by David Safier
I know this story about a Florida charter owned by Imagine Schools seems distant from Arizona, but really, it's right next door. Imagine, the country's largest charter chain, runs about 18 schools here in Arizona and is one of the poster children for the charter school movement at its worst. What happens in a Florida Imagine school does not stay in Florida. It has ripple effects across the country.
I've posted recently about the story at Florida's Imagine North Port, where the school's local Board decided to sever ties with Imagine Schools and go it alone. The main reason: $890,000 in management fees that go to Imagine's Virginia headquarters instead of furthering the students' educations. In response, Imagine took the bold and desperate step of putting the principal on administrative leave and suing the Board for $15,000.
Yesterday the case went to court, and the locals won the first round. Principal Justin Matthews, who has solid support from parents, was reinstated. Since FCAT testing is going on in the schools right now (the Florida equivalent of our AIMS testing), it's important that the school atmosphere not be disrupted by the controversy. According to a North Port parent I'm in contact with, the principal and the rest of the staff are doing a wonderful job of keeping the school operating smoothly.
This story is being covered in the area — ABC News, the AP and various local news outlets were at the courthouse — and it's likely going to spread to Imagine's campuses around the country, helping to breed a climate of fear and ill will between the upper level management and the people working in the schools.
The question is, why didn't Imagine just let the school leave and avoid the controversy along with the bad publicity? After all, other Imagine schools have left in the past without such a strong response from corporate headquarters.
One reason is, Imagine has been hemorrhaging schools lately, mainly through closures. CEO Dennis Bakke built his Imagine Schools empire on a growth model, adding numerous schools each year, and if it doesn't stop the losses soon, it won't survive. Another reason is, North Port is one of the rare Imagine Schools that's an educational success story. While many of its schools across the country are failing, Imagine North Port has received an "A" rating from Florida. Losing one of Imagine's top performing schools would be a serious blow to the corporation's reputation.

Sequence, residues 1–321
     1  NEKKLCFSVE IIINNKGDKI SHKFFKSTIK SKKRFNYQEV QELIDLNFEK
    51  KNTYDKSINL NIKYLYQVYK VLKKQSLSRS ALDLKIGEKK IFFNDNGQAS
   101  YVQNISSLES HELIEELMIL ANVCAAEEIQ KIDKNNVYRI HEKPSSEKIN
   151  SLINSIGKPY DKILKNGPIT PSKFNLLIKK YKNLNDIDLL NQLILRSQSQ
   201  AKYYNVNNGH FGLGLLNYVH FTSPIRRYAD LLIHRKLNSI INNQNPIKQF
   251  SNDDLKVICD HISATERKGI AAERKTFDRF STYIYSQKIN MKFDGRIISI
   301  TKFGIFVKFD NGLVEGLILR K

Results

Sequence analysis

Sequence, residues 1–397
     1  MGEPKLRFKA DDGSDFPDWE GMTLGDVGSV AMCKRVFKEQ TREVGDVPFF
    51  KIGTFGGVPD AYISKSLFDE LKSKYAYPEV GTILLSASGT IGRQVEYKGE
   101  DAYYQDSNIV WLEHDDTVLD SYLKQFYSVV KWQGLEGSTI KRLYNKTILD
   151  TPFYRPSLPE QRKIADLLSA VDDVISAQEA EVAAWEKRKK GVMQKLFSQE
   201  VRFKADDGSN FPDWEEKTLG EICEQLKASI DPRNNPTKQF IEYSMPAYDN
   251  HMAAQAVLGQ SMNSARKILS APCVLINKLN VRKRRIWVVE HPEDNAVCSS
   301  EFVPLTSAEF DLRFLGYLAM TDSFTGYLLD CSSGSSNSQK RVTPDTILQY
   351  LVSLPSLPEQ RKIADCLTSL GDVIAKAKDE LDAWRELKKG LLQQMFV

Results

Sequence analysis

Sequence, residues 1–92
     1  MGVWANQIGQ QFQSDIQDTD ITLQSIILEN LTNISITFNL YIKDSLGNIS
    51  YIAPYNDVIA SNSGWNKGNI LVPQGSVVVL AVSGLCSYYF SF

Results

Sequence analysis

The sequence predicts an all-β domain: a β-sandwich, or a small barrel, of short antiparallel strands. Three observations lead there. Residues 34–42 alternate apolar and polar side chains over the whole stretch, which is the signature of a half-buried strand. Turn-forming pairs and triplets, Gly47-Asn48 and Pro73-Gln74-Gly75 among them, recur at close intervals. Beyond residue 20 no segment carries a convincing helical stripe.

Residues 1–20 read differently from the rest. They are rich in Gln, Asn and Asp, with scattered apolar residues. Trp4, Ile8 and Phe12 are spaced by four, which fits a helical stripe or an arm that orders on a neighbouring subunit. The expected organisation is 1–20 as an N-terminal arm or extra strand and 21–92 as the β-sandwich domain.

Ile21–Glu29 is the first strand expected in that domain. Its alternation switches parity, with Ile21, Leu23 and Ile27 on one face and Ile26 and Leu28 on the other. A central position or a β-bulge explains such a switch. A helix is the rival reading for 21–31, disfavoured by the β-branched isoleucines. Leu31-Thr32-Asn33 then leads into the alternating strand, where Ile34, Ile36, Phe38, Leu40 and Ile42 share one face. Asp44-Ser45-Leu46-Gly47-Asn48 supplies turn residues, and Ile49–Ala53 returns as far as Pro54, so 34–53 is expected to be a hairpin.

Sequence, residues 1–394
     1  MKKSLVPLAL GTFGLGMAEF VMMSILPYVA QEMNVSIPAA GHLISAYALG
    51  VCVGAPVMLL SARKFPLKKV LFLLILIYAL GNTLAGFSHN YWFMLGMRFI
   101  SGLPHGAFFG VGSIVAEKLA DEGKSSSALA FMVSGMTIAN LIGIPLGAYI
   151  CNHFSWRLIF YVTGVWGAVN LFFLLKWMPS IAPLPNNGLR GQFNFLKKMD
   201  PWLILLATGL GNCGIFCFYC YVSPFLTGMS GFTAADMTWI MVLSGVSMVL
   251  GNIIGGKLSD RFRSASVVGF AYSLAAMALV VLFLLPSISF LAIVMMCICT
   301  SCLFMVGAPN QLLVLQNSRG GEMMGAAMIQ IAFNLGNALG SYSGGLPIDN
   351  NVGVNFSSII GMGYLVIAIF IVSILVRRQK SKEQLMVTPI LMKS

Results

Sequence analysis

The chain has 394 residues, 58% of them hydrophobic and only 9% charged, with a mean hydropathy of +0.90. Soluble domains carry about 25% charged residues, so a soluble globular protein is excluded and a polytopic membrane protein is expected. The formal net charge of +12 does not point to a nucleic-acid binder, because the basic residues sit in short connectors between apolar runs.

The parent I've been communicating with was in the courtroom Tuesday and gave me some direct quotes from the proceedings. Imagine's lawyer accused the Board and the principal of committing "criminal acts."(A newspaper report has the lawyer saying about principal Justin Matthews, "He's trying to steal a school.") He said the school is "like a franchise" and doesn't have the right to leave the parent company Nothing could be more telling about the Imagine philosophy than comparing itself to McDonalds.
The lawyer also declared, "We have the sole right to replace the Board," which is exactly what it did. On February 18, Imagine Schools removed the school's Board and replaced it with board members from neighboring Palmer Ranch Imagine School and members of its faculty. (The lawyer said Imagine employed "the nuclear option since this school has gone rogue.") According one of the original Board members, they weren't informed they were replaced until a week later, on February 25.
The parents of North Port are firmly behind the principal and the original Board's decision to sever ties with Imagine. As of last night, 560 parents of the school's 1100 students have signed a petition in favor of the move. And the parent I've been talking with tells me these parents are prepared to leave the school if Imagine imposes its will, meaning an Imagine "victory" will result in a demoralized, half empty school.